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Synonyms for monocratic

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"All social and political initiatives based on fundamental values, in particular for those seeking to realize some conception of social and political freedom combined with equality, unavoidably play into the furtherance of monocratic bureaucracy" (Breiner 1996, 136).
Put differently, the HDZ and the SPS were characterized by the monocratic form of headship, 'defined by the prime role of a single person in the shaping of a group's decision', where 'the entire organization tends to identify with him' (Schonfeld, 1981: 231).
The first one is that institutionally--and notwithstanding the desire of Mussolini and the Fascist regime to realize their self-defined "totalitarian" project--the actual regime remained "polycratic" more than "monocratic" (Breschi 30).
For all their pride in being "citizens" rather than "subjects," Americans hanker for the firm smack of command from a monocratic sovereign.
Haidar and Pullin (2001) utilised Weber's 'ideal types' to develop two 'ideal employment relations types', the 'diarchic' and the 'monocratic' which are 'based on the scope of superordinate power'.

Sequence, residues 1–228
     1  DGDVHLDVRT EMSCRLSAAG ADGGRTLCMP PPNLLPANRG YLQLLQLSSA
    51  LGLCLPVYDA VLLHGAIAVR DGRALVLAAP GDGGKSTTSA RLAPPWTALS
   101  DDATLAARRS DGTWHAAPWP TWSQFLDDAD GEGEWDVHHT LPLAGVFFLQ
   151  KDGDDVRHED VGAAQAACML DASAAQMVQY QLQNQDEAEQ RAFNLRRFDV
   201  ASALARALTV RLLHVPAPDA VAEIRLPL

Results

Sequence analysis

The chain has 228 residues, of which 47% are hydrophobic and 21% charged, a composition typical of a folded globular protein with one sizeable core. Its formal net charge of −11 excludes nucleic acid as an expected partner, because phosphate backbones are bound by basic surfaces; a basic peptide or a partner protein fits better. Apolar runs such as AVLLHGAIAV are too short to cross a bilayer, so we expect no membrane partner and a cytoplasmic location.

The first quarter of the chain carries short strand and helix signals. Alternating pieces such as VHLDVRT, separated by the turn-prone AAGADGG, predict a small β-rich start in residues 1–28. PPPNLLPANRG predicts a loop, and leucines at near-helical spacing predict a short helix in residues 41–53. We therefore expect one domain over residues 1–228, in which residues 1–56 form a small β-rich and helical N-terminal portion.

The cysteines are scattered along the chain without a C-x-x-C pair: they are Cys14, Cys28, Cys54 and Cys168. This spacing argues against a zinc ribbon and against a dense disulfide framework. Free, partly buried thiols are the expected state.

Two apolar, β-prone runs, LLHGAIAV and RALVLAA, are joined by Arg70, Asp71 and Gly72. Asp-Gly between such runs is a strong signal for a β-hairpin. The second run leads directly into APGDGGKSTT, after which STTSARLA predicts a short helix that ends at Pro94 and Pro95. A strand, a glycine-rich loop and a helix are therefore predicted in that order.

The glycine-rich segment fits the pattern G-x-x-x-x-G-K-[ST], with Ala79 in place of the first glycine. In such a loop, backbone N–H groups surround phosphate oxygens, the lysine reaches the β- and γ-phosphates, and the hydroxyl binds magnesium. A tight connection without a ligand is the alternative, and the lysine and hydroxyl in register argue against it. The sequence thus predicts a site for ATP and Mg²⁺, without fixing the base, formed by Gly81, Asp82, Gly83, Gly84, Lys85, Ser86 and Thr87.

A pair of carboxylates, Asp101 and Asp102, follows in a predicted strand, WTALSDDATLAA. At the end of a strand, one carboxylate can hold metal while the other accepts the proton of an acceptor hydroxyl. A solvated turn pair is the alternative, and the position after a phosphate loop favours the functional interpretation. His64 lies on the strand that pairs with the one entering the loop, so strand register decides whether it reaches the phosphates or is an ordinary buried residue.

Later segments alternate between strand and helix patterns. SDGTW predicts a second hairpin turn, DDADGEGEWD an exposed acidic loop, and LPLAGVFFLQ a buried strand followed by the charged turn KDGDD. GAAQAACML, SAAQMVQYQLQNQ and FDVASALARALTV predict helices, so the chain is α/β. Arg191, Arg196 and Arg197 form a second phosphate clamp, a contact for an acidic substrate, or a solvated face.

It was as if the monocratic reflex previously identified with the head of state had been displaced to the level of an intellectual elite that invested itself as the incarnation of established power.(4)
(10.) Although monocratic executives are customary, plural executives do exist and even flourish.
Principles such as the necessity of rules, files, monocratic hierarchy, division of labor, continuous organization, salaries, professional staff, and so on, as described by Weber, seem obvious and commonplace to us now, but only because of his pioneering observations when the generic characteristics of emerging bureaucracies were not obvious.
Although Weber attempted to identify a common set of structural and behavioural features of modern "monocratic" and traditional "patrimonial" bureaucracies that transcended jurisdictional and temporal boundaries, later scholars insisted his ahistorical "ideal type" construction at best served only as a useful guide to general trends.
And the commitment to scientific method, betokened by the emphasis on educational credentials, fits uneasily with a functional fusion of roles under monocratic patrimonialism.
Initially, Jefferson portrayed his old adversary as personally corrupt; but after many investigations, Jefferson gave up on this and shifted to the charge that Hamilton was an alien force in American political life, perhaps personally honest but anti-republican, "monocratic"--a man of large, perhaps Caesarian ambitions.